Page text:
What’s more fun at Halloween than sitting around in the dark and listening to scary stories by candle light? Ok, for the sake of safety, make it a flashlight. But regardless, this is one tradition that you and your kids definitely shouldn’t miss out on this Halloween. But for this to work right, you need to be organized. You need the right time (the dark, dark, dead of night), the right setting (a dimly lit room with appropriately scary props), brains shaped snacks, and finally the stories themselves. But where do you get these stories? Do you show your creativity, and make them up? Unless you are the latest incarnation of Edgar Allen Poe, it’s probably better to use someone else’s stories. That being said, let’s see where you might find your stories.
First off, there’s your home library. You might well have books lying around that would work, either in your own collection, or your children’s. However, there is one caveat that needs to be addressed here. Keep in mind that a story that might be fine for you or even your teenager (something by Steven King for instance) would be wholly inappropriate for a six year old. The goal here is fun, not a life-scarring trauma requiring expensive counseling. This point applies either to your books, or to those your get elsewhere.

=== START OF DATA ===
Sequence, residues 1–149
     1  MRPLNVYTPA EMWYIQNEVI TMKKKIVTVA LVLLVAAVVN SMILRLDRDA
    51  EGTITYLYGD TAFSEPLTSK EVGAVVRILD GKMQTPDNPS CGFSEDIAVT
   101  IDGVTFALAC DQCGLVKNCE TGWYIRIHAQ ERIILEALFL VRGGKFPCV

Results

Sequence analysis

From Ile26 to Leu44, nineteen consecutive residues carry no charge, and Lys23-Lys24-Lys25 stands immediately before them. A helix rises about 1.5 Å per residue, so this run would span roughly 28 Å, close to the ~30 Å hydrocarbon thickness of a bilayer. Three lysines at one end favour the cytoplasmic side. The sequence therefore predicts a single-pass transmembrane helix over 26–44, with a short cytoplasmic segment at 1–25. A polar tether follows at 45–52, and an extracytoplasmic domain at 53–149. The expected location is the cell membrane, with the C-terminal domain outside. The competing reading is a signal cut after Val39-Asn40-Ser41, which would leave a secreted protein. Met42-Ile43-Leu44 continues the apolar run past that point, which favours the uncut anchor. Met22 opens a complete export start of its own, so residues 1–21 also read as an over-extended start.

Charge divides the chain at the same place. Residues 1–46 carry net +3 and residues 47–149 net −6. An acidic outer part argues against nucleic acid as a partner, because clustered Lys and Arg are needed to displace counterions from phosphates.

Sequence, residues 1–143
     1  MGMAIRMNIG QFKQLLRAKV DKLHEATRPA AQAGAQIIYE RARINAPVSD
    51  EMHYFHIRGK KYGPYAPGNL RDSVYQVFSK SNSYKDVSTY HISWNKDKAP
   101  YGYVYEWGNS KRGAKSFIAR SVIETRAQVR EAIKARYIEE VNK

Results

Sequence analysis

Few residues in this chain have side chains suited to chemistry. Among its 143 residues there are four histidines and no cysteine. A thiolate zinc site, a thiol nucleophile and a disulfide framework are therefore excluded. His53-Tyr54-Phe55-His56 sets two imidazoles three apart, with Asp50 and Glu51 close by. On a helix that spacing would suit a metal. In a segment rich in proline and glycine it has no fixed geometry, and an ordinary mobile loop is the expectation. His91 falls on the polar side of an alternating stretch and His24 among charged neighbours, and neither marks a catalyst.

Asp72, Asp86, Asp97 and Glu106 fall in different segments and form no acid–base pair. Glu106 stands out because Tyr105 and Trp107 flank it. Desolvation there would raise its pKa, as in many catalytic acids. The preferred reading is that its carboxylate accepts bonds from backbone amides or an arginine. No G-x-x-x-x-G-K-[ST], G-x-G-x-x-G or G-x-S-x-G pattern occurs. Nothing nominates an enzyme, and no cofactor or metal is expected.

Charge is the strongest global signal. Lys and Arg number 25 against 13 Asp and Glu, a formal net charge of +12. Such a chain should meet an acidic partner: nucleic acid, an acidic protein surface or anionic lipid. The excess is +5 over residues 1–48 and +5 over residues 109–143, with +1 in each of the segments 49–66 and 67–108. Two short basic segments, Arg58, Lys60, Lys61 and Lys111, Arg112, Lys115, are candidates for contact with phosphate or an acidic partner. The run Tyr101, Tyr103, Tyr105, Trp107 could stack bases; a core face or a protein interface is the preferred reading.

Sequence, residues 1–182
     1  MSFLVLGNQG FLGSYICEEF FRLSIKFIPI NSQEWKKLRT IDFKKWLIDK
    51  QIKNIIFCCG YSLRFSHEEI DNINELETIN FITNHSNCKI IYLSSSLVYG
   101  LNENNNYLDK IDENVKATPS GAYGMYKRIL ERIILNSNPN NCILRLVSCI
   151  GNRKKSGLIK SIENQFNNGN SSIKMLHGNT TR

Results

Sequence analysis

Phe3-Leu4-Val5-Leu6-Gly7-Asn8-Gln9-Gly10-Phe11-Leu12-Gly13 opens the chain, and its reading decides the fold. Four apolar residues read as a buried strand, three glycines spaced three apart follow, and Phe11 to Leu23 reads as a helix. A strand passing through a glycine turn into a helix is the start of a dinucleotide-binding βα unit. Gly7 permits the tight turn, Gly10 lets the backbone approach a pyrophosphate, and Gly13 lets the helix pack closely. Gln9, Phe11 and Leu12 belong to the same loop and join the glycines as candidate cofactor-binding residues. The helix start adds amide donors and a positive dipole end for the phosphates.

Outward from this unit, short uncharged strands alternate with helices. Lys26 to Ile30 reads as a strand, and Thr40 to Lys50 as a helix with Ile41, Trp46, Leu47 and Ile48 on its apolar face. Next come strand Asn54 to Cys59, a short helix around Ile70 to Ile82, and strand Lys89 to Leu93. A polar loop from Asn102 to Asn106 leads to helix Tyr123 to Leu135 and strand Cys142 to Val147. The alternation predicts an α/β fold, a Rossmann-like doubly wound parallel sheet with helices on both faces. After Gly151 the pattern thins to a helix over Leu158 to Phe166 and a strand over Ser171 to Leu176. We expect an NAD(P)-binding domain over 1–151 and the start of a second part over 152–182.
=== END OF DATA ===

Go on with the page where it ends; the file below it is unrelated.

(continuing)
Next, of course, there is the public library. It will almost certainly have a children’s or young reader’s section with something to suit your needs. And the librarians will be happy to help you find the right books. In fact, just before any holiday, librarians often set up a separate display for works related exclusively to that holiday. But plan ahead! Just as you are thinking of this, so are lots of other parents. Show up on Halloween and all you will find are the books no one else wanted. It should be noted that everything stated above about public libraries applies equally to bookstores, except for the fact that they want money.
Finally, let’s assume you don’t have the books you need at home, you waited too late to visit the library, and that the greedy booksellers charge too much. What’s left? You know where I’m going; the internet, of course. There are many free story sites that have exactly what you need, as long as you are selective. One of the better ones for old fashioned scary stories is American Folklore, found at americanfolklore.net. They have a section specifically for Halloween stories (http://www.americanfolklore.net/halloween.html). Another good one is Halloween is Here (HIH), which has a nice Ghost Story section, as well as other Halloween related items. Stories for older kids and teens can be found at http://www.extremeintellect.com/ei2016/holidays/halloween/halloween.html. And finally, you can’t do any better than The Legend of Sleepy Hollow itself, the text of which can be found at http://www.amlit.com/twentyss/chap4.html. With these sites and others, all you need do is print out a large font copy to read from, and you’re all set for a screaming good time.